But the Queen said no to the offer because she wanted to set an example to the nation, according to the magazine.
Instead she sat alone and socially distanced from her family as she mourned her husband of 73 years.
At the time funerals were limited to 30 mourners and wakes to 15 people. There was also a ban on separate households mixing indoors and the rule of six applied to outdoor gatherings.
The prime minister’s official spokesman refused to comment on whether No10 offered to ease restrictions for the Duke’s funeral .
He said: “I simply don’t comment on reports relating to the palace or any conversations we do or do not have with them.
“You’ll know that at the time we said we were working closely with the royal household on arrangements and the plan to take into account public health guidelines, the wishes of the royal household and personal wishes of the Queen.”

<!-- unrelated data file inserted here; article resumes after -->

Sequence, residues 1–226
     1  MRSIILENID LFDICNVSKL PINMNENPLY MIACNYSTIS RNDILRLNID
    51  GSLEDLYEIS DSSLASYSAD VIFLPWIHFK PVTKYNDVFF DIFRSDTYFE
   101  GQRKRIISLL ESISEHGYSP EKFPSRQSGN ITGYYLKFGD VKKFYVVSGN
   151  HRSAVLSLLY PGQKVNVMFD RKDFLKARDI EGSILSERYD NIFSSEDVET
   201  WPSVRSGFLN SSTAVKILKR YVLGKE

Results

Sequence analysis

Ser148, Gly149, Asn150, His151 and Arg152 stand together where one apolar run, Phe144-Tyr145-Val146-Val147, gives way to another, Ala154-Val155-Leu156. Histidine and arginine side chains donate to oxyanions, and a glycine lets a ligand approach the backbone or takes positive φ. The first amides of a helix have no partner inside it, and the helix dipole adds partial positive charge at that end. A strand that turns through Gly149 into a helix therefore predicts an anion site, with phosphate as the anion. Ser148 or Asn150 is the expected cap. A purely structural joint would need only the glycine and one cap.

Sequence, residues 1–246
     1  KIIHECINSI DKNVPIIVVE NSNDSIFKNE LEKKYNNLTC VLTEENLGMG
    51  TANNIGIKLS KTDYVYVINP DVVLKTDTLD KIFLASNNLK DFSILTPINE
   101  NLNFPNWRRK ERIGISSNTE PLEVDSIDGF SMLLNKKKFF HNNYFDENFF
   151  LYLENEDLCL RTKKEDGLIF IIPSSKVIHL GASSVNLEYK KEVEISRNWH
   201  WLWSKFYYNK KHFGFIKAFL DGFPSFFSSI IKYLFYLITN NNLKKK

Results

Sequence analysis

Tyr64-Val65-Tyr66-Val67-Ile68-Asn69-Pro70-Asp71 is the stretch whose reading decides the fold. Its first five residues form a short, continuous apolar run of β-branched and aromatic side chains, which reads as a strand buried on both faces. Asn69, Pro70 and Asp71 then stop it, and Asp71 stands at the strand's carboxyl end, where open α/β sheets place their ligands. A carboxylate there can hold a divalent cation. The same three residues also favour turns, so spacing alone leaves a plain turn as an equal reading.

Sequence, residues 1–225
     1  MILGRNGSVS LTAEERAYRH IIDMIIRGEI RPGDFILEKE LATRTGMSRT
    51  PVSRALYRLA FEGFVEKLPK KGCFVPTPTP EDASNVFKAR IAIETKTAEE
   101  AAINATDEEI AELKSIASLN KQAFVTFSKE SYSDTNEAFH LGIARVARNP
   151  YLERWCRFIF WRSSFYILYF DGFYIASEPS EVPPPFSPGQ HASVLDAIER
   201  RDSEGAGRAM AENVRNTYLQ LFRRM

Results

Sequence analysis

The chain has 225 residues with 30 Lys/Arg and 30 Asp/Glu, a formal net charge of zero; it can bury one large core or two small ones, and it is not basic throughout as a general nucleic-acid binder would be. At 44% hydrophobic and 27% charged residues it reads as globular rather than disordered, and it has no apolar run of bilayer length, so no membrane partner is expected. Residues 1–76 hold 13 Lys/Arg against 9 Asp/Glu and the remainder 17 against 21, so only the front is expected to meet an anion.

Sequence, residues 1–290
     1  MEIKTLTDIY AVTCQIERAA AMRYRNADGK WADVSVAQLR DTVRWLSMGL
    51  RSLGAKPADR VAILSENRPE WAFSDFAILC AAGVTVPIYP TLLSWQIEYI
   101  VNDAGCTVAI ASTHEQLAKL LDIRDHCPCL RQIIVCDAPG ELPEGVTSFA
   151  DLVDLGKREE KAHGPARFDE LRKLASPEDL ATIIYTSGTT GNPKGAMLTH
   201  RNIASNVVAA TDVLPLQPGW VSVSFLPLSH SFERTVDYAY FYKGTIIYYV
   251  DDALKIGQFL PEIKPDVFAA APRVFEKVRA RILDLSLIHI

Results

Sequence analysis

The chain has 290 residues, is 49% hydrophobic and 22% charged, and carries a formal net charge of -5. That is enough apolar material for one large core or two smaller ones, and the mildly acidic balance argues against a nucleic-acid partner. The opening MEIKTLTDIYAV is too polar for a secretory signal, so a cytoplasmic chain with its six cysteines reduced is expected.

The news comes as Downing St this week apologised to the Queen for two parties which were held in Downing Street on April 16 – the evening before the funeral in Windsor.
Civil servants allegedly gathered for two separate events to mark the departures of James Slack as Mr Johnson’s director of communications and one of the Prime Minister’s personal photographers.
The two parties are said to have merged during the evening.
The Telegraph reported that staff were sent to the shop with a suitcase to pick up wine and guests danced to music. Mr Slack, who is now the deputy editor-in-chief of The Sun newspaper, has apologised for the event.
They, along with other lockdown gatherings across Whitehall, are being investigated by senior civil servant Sue Gray.
The Prime Minister said: “I can only renew my apologies both to Her Majesty and to the country for misjudgments that were made, and for which I take full responsibility.”